September 16, 2009

Italian Treasures- Andrea Bezzecchi- Acetaia San Giacomo

Acetaia San Giacomo
Novellara, Reggio Emilia

It is harvest time!

Andrea Bezzechi at the winery buying the mosto for his traditional balsamic vinegar
from Dario at the organic winery Villa Castellazzo
which is also an agritourismo

Why is it that a traditional balsamic vinegar from Reggio Emilia or from Modena is $125 a bottle? If you ever have seen what it takes to make it, it seems like a real bargain!

  • Start with grape juice and lose 70% in cooking it down.
  • Invest in 5 to 7 different kinds of handmade wooden barrels.
  • Wait 12 years to sell your first bottle of traditional balsamic vinegar ( if you aren't lucky enough to have inherited your set of barrels from dad or grandpa).

True balsamic vinegar does not have vinegar added to it, nor sugar or glucose. It is a time honored traditional condiment for food, passed on generation after generation. The grocery store balsamic vinegars were created for a market that wants things NOW.

Although it may seem expensive in America to buy a bottle of Traditional Balsamic Vinegar at $125 a bottle which is 1/2 cup of liquid gold. Time is the most expensive part in the preparation.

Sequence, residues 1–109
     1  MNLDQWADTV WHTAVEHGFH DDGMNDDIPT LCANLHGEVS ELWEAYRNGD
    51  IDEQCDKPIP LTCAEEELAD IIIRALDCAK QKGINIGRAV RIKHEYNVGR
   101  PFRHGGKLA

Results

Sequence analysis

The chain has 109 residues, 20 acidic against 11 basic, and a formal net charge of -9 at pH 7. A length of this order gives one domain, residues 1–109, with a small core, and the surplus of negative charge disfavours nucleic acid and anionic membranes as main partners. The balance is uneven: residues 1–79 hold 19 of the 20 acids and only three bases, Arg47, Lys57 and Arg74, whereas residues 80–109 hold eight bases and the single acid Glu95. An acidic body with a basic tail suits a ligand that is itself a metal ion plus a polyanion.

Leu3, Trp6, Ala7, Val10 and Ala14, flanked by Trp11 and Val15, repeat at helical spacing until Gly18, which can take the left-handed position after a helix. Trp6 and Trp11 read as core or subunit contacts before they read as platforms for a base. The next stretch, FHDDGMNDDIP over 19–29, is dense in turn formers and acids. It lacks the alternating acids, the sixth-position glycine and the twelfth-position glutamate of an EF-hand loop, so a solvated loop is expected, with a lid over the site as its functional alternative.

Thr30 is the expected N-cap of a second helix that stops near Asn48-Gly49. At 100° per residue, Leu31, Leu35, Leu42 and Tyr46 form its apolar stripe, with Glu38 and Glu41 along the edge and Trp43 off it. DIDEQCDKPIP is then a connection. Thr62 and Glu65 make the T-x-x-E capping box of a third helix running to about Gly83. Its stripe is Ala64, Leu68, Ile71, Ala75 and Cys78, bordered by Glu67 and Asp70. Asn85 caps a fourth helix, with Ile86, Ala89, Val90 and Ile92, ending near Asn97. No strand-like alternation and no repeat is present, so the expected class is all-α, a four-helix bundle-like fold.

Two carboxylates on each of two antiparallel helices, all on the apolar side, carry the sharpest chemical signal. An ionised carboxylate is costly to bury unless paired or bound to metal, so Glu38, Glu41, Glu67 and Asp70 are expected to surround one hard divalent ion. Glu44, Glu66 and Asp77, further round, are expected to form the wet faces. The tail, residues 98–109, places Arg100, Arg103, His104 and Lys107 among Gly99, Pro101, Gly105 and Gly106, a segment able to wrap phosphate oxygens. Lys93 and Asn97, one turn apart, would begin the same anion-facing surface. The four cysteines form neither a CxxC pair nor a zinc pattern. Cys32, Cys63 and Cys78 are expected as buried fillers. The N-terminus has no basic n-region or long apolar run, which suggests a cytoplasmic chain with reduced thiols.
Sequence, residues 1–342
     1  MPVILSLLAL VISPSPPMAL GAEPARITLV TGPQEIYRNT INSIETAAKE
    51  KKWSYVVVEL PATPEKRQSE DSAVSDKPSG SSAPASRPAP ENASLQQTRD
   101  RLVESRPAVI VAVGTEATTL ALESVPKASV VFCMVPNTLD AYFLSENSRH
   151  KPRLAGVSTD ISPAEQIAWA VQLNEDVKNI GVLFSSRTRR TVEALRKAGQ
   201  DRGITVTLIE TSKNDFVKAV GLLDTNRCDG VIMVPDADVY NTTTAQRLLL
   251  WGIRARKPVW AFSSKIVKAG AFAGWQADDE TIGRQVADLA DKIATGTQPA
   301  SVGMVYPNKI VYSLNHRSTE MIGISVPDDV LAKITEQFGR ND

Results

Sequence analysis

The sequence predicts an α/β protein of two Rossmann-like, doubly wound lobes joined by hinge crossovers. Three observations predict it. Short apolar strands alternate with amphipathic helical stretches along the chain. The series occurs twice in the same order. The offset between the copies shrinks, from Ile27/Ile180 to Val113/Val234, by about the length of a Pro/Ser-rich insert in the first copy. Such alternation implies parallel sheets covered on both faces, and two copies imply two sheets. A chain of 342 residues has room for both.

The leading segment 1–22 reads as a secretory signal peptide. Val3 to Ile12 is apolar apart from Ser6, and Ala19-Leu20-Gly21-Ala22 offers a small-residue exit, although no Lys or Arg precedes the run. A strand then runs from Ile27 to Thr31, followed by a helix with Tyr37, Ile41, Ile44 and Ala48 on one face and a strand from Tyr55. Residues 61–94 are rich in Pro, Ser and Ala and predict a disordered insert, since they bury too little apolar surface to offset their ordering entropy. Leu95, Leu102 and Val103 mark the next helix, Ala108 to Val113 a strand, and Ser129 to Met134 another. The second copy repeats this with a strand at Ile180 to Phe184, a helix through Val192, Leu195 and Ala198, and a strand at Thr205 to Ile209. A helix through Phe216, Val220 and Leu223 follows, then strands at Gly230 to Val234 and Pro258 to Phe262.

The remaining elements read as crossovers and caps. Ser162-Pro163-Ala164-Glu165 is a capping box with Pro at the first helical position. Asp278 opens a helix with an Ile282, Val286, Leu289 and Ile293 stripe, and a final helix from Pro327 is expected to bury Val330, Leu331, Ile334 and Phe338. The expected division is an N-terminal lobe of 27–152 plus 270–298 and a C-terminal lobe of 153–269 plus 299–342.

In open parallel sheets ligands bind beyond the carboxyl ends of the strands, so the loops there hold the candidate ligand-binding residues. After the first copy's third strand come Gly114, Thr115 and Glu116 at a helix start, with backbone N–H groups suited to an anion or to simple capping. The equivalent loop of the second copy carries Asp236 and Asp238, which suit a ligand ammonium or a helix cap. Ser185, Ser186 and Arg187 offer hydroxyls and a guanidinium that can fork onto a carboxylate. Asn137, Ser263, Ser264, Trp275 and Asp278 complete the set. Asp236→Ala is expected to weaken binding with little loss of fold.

I went with Andrea Bezzechi of Acetaia San Giacomo on his acquisition of "mosto" to start this years batch. The color of the freshly crushed grape juice was amazing. Electric almost.

Andrea brought the mosto back to the Acetaia ( where one makes their Aceto Balsamico) and began the long slow process of reducing it by 70%.

Part alchemist, part mad scientist it takes patience and passion to create this elixer dating back to 30 BC. Andrea showed me written documentation from Virgil and Apicius referring to the cooking of grape juice, called sapa in the Latin texts, now saba.

Cooking the grape juice must stops fermentation and preserves the juice. We tasted a 25 year old saba that Andreas late dad made. It is sweet and rich, much like prune juice, quite concentrated.
I have had saba drizzled on desserts from the south and it is lovely. I use this light condiment often in savory cooking to deglaze a pan for a sauce instead of Marsala.

The saba is then left to acidify naturally and moved into large wooden barrels called Badesse.
From there they being the long slow process of becoming balsamic.